From his precarious perch Moses watches a group of men in front of the hardware store do battle with a group of black grasshoppers with rakes and shovels. The young muscled clerk Moses recognizes as one of St Jim’s football heroes from a few years ago manages to impale a fiercely clicking hopper with a pitchfork. One prong still wrapped tin the manufacturer’ s sticker stabs through twitching insect dripping orange slime. Next to him, two other men beat a grasshopper nearly as big as them with a shovel and a gardening hoe until they smash through smooth black exoskeleton and splatter bright orange grasshopper guts all over themselves and the street they battle in. The tide turns in the blink of an eye when the ex-football hero is tackled into eternity by one of the colossal giants. The other men rally against the monster but are torn into bloody chunks by the smaller hoppers the moment they turn their attention to it.
A drunk man who Moses recognizes as Tanner Webber runs in an erratic zig-zag pattern down the middle of Main Street, fleeing a grasshopper the size of an elk and half blinded by the six-inch beasties chewing at his face. The milk delivery truck from Hopkin’s Dairy careens around the corner and Tanner is dragged under its wheels when their zig-zagging paths collide in the middle of the street. The truck bumps obscenely and leaves a wide bloody smear in its wake. Tanner’s mangled corpse flops away from the milk truck as it banks hard to the left and crashes into the post office where it explodes in grand fashion belching boiling milk and shards of glass onto the people standing nearby.
The four biggest black grasshoppers throw their heavy bodies against the buildings downtown, reducing the brick and wooden buildings to rubble. People try to flee the crumbling structures only to be violently devoured in the street by the other hoppers. The Main Street Bar begins crumbling and a flood of people who had sought refuse within scampers back out into the confusion and carnage. Moses watches a heavyset woman with bright blue curlers in her hair get torn in half by two six-foot grasshoppers in a primal display of greed which spills her sloppy innards all over the thousands of small hoppers crawling across the blood streaked asphalt. The smaller grasshoppers are scampering all over the ruins of the once fine buildings, feasting on survivors and leaving a multitude of tiny bloody tracks over the wreckage.
Moses watches another one of the four giants smash into a school bus, tipping it on its side and allowing the smaller hoppers to attack. Tears form and slip down his weathered cheeks as he hears thin, terrified, high-pitched screams cut short. Moses jerks his attention from the horrors of Main Street, and nearly swoons and slips from the tower when he realizes the carnage has already spread throughout town. He clutches tight to the tower, his eyes closed against the horrors below but the sounds of random gunfire, harrowing screams, tires screeching, vehicles colliding and exploding all still assault his ears as tears continue to stream down into his own bushy beard. He wagers a look back out over the town through blurry eyes and aside from the brilliant splashes of crimson coloring the street below he sees pillars of smoke are reaching into the morning sky from all over town. The people of St. Jim’s are dying terribly and there is nothing Moses can do to help them all.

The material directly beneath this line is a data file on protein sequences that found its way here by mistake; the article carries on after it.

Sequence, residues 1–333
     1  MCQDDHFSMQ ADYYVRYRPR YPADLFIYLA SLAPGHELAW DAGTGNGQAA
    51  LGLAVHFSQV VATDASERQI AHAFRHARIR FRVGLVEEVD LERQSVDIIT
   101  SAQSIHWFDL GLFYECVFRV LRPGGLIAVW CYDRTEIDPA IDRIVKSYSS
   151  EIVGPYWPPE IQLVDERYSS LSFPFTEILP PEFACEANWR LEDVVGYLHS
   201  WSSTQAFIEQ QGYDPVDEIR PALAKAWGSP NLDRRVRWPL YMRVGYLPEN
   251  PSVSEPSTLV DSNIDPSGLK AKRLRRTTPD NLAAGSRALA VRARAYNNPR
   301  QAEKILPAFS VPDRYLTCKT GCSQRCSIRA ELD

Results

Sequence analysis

The grasshoppers’ song rings through the air, muffling the screams, and Moses can’t help but think of his daddy, though he doesn’t know why now of all times the old scoundrel would enter his panicked thoughts. Before he has time to get lost in his jittery confusing memories Moses hears the familiar squeak of the window below signaling Carl’s return. Relief flushes Moses’s face and he slaps the wooden walls excitedly, unable to form words to express his rampaging emotions.
“What is all the racket out here, Moses?” Carl asks as he pops his round face out of the window below.
Moses finally finds another word. “Grasshoppers!”
“Jeez, old boy, I’m talking about all the crashing and booming and shooting I’m hearing not the insect situation!” Carl’s good-natured tone sounds a little shaky to Moses, the slight tremble in his tone still evident when he notices the ladder Moses tipped over. He wiggles his rotund form through the tower window to flop onto the easy sloped town hall roof top. He stands next to the ladder and looks up at Moses with a gentle smirk. “Holy shit, Moses, are you stuck up there?”